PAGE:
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Everything you need to know about China’s ongoing anti-church campaign

Why is China tearing down church crosses? Because it’s terrified of religion

ICC Note:

While the massive demolition of church and cross in Zhejiang Province is still ongoing, the article points out that China’s Zhejiang Provincial government is engaged in this “cruel and bizarre campaign against Christians” because  it is “terrified” of the “uncontrollable” spread of Christianity in the south-east province. Click here for everything you need to know China’s ongoing anti-church campaign.

08/06/2014 China (The Spectator)– Since the beginning of this year, China has been engaged in a cruel and bizarre campaign against Christians in the south-eastern province of Zhejiang. Its main target is Wenzhou, a city known as ‘China’s Jerusalem’ because a million of its eight million residents are Christian.

Wenzhou’s 2,000 churches display hundreds of crosses that illuminate the skyline (a pattern familiar to any visitor to South Korea, where even the smallest towns sprout neon crosses). Now China wants those crosses taken down, and fast.

According to AP, at the end of July ‘200 congregants rushed to the Longgang Huai En Church in Wenzhou to protect their building – but to no avail. They ended up watching helplessly from the sidelines as police used a crane to tear off the 10-foot-tall cross that topped the building’s steeple.’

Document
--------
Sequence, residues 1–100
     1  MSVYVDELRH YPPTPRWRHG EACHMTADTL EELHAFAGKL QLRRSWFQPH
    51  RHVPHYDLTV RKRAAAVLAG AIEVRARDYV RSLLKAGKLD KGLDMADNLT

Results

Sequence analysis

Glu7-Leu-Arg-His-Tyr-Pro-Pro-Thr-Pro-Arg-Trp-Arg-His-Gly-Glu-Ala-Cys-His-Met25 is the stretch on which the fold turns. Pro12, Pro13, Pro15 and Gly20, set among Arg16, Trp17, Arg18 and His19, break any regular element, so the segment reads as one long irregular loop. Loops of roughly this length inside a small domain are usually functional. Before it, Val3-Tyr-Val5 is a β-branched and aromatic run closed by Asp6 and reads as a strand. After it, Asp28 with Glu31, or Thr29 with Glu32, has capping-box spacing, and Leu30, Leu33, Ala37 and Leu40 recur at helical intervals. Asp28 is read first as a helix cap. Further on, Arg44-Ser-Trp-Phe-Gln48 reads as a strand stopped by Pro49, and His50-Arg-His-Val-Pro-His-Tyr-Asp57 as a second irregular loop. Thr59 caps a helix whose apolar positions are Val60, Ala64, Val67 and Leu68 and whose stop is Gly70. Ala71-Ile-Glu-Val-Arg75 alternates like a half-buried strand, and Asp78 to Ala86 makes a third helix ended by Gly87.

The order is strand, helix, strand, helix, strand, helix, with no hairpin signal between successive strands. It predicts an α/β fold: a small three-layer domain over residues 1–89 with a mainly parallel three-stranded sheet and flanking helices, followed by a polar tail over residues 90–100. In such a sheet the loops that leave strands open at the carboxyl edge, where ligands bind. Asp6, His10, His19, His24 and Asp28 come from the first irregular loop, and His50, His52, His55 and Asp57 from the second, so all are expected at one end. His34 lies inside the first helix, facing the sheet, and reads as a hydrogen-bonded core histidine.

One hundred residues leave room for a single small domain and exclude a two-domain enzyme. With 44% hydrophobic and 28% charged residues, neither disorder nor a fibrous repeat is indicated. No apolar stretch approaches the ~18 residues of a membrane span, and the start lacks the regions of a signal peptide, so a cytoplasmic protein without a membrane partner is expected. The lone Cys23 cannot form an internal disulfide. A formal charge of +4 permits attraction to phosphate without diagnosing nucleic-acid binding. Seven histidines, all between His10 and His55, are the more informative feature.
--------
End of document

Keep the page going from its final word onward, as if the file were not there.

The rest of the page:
Often the Christians fight back. When the cross on the church in Wuxi village was torn off, a member of the congregation used his welding torch to replace it. He was arrested for operating a welding business without a licence. Worshippers at other churches have parked heavy lorries in front of their buildings in order to protect them.

Such impudence has made authorities in Zheijang even more obsessive in their campaign against crosses – and sometimes the buildings underneath them. A mega-church in the port city of Ningbo received a demolition order after a party official was reportedly appalled by the size of its cross. In almost every case, local authorities cite building regulations. Typically the victims are Protestant congregations authorised by the state.

For many years, China’s most persecuted Christians have been members of underground Protestant ‘house churches’ and Catholics loyal to the Vatican. In 2008, however, there was enough evidence of Beijing’s increased tolerance of unofficial worship for the US State Department to remove China from its human rights blacklist.

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